Starting with the big bloodstain of the foot (dorsal image) there is a clearly fluorescent serum fringe around the base of the instep which is not easily visible in ordinary light. No other part of the bloodstain has a visible serum fringe. None of the scourge marks on the dorsal image has a serum fringe, nor the rivulets of blood across the back, and if the marks of the crown of thorns have any, they are very faint indeed. None of the bloodstains on the front of the head (including the famous epsilon) show any fringe at all. The spear wound has a slight border on its top and top left ‘shoulder’ only. The wrist wound has a nice little halo around the upper ‘finger,’ but nowhere else, and the arm rivulets have no halo at all.
      It is not impossible that this might be explained by the stains of the foot-wound, spear-wound and wrist-wound being derived from reopened injuries, while the rest were derived from the remoistening of dried blood.

  128. Louis
    April 8, 2013 at 8:46 am

    We are being led back to the old story: McCrone versus Adler et al.

    • April 8, 2013 at 9:06 am

      Do you means authentic versus non-authentic? If so, why trivialize the issue by presenting it merely as a replay of a spat from 30 years ago? Did McCrone and Adler between them have the last word to say on the issue of authenticity? Their dispute centred as I recall mainly on iron(III)oxide, and whether its presence was a marker for ochre artist’s pigment or degraded haems or retting-acquired impurities. Nobody has mentioned iron oxides thus far on this thread, so let’s draw a line under that and move on, shall we?

      • jesterof
        April 8, 2013 at 10:58 am

        so there is no wavelength of the absorbtion of the stains, only subjective waving in the air of the term “too red” or”looking(sic!!!) fresh”, am I correct?

  129. Louis
    April 8, 2013 at 9:55 am

    Nothing I wrote previously said anything about McCrone and Adler having the last word about the issue of authenticity. What prompted the comment was the suggestion that vermilion had been used, so please see “Red Ochre and Vermilion on Shroud Tapes?” by Walter McCrone, McCrone Research Institute, Chicago, available on the Internet.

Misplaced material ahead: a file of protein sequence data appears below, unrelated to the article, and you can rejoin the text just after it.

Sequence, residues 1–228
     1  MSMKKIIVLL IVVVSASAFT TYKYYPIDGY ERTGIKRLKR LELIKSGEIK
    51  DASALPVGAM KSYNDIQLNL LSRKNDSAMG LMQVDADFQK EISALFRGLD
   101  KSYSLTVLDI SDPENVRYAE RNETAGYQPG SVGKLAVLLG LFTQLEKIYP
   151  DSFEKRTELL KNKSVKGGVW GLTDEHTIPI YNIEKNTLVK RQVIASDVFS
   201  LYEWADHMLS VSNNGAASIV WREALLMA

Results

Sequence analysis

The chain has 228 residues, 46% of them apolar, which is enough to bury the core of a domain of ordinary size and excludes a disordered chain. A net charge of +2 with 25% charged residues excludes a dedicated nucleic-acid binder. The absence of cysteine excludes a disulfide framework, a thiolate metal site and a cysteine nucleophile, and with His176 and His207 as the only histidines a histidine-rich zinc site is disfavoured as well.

130. Kelly Kearse
    April 8, 2013 at 10:01 am

    #174
    “Give me quantitative over qualitative data any day – and you yourself acknowledged some months ago the non-quantitative basis for Adler’s fanciful claims for bilirubin.” Yes, I believe that it might be difficult to quantitate the amount of billirubin in dried bloodstains, it would seem reasonable that you would have to normalize it relative to other blood components-albumin? But then again, I have limited experience relative to the precise details of what such spectral data can and cannot tell you. I’m counting on you to guide the way in helping me to properly interpretet the data, to convince me, if you are willing what is and isn’t a stretch. What’s a yes, a no, and what could be a maybe.

    Pretend, if you wish, that your leech idea has taken off to the point that you are now head of the major biotech enterprise Leech Ingesta Inc. A framed portrait of Brother Hirudo hangs on the laboratory wall, set in a high quality, cherry wood frame, polished to a rich brown luster-(although some say that at certain times of the day, when the sun shines in just right, flecks of red are visible in the grains).

    If STURP scientists were so out of their league as suggested, then surely their instrumentation was experienced-machines are objective, they simply respond to the press of a button. So, in essence, these STURP scientists have done you a big favor: they have already collected the data for you.

    One of your lab personnel brings in such data collected by mute, unknowing machines and lays it across your desk, eagerly awaiting your personal interpretation of the results, as you know your porphyrins from your pyrroles. Explain to them where the issue(s) are, “see this region right here, there should be a peak there, but there isn’t”; “this shoulder is extended way too much, it should be much sharper”. You can even put forth why the presence of certain peaks, or their absence, or their irregular behavior are telling that the sample has leech involvement written all over it.

    Suggested experiments that should/could be done, are all well & good, but doesn’t it seem most reasonable to specifically review what is already in hand first? If some things are obvious and some are less so (#174), let’s start with the obvious ones.

    • April 8, 2013 at 10:49 am

      Well, I’m sure I don’t need to remind you Dr.Kearse that one does not need to be a University professor in order to follow an analytical protocol involving mainly forensic-type tests. In fact that kind of work is often best left to people who do nothing but those kinds of tests, and get very expert at doing so. Having said that, I acknowledge that Prof. Adler might have wanted to take a hands- on approach, given the limited amount of material available.

      Look, it’s not my intention, now or ever, to give any kind of overview of his entire career, certainly not to write things that might give offence to his surviving relatives. My concern is purely with the specifics, and with the use that he made of his data in his various high-profile summaries detailing his STURP involvement.

      Even then, I would confine myself to a light touch commentary, pointing out just one or two features that strike me as quirky and in some instances disturbing.